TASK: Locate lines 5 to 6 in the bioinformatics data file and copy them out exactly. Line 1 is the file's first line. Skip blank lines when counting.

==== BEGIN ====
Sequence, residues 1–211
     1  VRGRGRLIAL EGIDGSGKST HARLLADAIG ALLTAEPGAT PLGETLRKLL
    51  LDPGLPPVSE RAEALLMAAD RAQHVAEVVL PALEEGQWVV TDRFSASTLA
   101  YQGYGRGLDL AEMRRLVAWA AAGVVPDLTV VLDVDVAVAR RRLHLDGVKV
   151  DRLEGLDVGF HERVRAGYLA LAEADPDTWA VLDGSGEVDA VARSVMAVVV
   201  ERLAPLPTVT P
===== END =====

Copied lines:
   151  DRLEGLDVGF HERVRAGYLA LAEADPDTWA VLDGSGEVDA VARSVMAVVV
   201  ERLAPLPTVT P